Evolution cannot survive on carbon alone, of course. In addition to trading greenhouse gases, Evolution helps broker deals for biofuels, natural gas, the uranium fuel for nuclear reactors, renewable energy credits, air pollution permits for sulfur dioxide and nitrogen oxides, even insurance against bad weather. But it is coal that has kept the lights on for the last 10 years. Whether it's physical shipments of the fossil fuel or the buying and selling of the permits for the pollution that burning it causes—Evolution's first trade was a sulfur dioxide allowance between Enron and Dynegy in February of 2000—the brokerage makes its living on coal.
Of course, coal is also responsible for nearly 30 percent of U.S. emissions of carbon dioxide, and 20 percent globally. Efforts to halt the global warming caused by carbon dioxide have focused on trading metric tons of the odorless, colorless greenhouse gas globally since at least the 1990s. Evolution has specialized in the nascent trade since 2001 and has posted some early successes, such as the first trade designed to ensure compliance with the emission cuts embedded in the Kyoto Protocol—a transfer of a reduction in emissions in Slovakia to help offset emissions in Japan.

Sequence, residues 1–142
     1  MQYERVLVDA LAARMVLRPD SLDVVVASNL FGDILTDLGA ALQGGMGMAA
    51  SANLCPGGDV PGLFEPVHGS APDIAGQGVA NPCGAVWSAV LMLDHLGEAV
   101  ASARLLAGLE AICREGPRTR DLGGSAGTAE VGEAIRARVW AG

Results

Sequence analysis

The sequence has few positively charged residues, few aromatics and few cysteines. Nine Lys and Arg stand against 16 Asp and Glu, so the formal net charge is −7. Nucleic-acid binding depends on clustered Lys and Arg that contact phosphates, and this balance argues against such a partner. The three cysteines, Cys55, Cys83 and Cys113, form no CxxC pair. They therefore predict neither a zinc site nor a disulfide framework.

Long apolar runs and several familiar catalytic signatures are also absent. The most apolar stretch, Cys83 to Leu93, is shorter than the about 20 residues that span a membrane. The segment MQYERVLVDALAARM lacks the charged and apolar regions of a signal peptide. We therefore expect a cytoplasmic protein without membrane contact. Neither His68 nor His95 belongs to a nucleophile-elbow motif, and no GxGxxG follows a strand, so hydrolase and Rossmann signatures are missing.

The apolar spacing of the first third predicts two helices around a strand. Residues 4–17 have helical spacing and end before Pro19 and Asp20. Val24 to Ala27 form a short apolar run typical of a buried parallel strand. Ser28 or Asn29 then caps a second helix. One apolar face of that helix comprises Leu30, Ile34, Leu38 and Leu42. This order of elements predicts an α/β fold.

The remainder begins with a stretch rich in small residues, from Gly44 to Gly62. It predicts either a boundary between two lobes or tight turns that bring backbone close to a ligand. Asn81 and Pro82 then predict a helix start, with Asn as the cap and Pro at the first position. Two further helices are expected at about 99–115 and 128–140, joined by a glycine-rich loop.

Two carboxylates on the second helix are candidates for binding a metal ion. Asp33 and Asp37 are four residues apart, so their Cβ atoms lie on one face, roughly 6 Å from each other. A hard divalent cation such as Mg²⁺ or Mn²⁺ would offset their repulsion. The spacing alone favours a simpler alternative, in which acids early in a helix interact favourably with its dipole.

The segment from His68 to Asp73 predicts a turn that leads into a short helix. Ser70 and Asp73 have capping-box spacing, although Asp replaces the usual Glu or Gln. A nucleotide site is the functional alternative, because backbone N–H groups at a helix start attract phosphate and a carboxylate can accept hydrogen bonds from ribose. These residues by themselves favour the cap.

It sees no reason to step back now.
"We were in this market from the very beginning, before it was even a market," Evolution's Ard said. Now "the carbon desk has enough volume coming through to sustain that business."
This article originally appeared at The Daily Climate, the climate change news source published by Environmental Health Sciences, a nonprofit media company.